President Obama's remarks at the White House today about Iraq were hardly surprising. The president said that America would not be sending ground troops back into the country to fight in support of Nouri al-Maliki's authoritarian Shiite regime, and in opposition to ISIS, the extremist Sunni group that is moving through Iraq at frightening speed. But Obama did say that America may offer other types of military support in the "days ahead."
I am not a military strategist or Iraq expert, so I cannot speak to the best policy going forward. But there was one particularly vexing line in Obama's remarks:
"So the United States will do our part, but ultimately it's up to the Iraqis as a sovereign nation to solve their problems," he said. "We can't do it for them."
The second part of this may indeed be objectively correct, but there is something galling about the idea that, hey, it's the Iraqis' country and they need to work their issues out. For starters, the conflict in Iraq is already rife with foreign fighters and foreign weapons. Iran is getting even more deeply involved. And who knows how long it will be before other states like Turkey enter the fray in a significant way?
But what makes his remarks especially galling is that we helped create this problem. We tore Iraq apart. And we coddled and supported the Maliki regime, which has worsened the country's sectarianism. (Obama mentioned the small-mindedness of Iraq's leaders, but not our decision to coddle them.) Thus, for Obama to say that this is an Iraqi problem and Iraq "as a sovereign nation" (whatever that now means) must solve it involves a gigantic shirking of responsibility.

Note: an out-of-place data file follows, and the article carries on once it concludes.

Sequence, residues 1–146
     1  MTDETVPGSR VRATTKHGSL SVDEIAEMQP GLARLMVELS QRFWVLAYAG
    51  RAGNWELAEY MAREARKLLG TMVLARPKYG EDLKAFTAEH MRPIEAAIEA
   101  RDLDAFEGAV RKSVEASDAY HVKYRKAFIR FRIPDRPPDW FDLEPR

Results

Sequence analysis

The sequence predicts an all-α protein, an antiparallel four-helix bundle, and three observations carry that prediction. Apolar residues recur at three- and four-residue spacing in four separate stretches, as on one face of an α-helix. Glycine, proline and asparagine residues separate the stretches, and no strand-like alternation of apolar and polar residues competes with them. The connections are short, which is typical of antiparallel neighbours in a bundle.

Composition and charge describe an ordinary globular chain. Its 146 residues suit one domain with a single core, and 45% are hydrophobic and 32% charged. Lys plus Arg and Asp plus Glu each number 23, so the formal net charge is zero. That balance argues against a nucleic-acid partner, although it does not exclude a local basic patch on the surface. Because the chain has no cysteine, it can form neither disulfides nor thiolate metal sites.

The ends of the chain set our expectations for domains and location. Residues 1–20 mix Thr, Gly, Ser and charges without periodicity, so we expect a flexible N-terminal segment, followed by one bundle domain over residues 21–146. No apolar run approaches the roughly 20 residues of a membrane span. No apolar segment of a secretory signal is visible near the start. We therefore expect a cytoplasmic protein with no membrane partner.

Yes, even if this is our problem, it's not clear what America can or should do, which is why remarks like those from John McCain, who called this "an existential threat" and seems to want some sort of huge response, are alarming. But that doesn't let the United States off the hook, and certainly not at the rhetorical level. Would Obama say that the Cambodian genocide was ultimately up to the Cambodians to solve, after America bombed and destabilized the country? Was the genocide in the former Yugoslavia a Bosnian problem, even though the West kept an arms embargo on the Bosnians, essentially preventing them from defending themselves?
Perhaps America should choose to involve itself less in the quarrels of others. But once America does so, it cannot then exempt itself from responsibility on whatever timetable it pleases. We involved ourself in Iraq, and with the Iraqi people, long ago. The disaster unfolding in the country is a lot more than "their problem."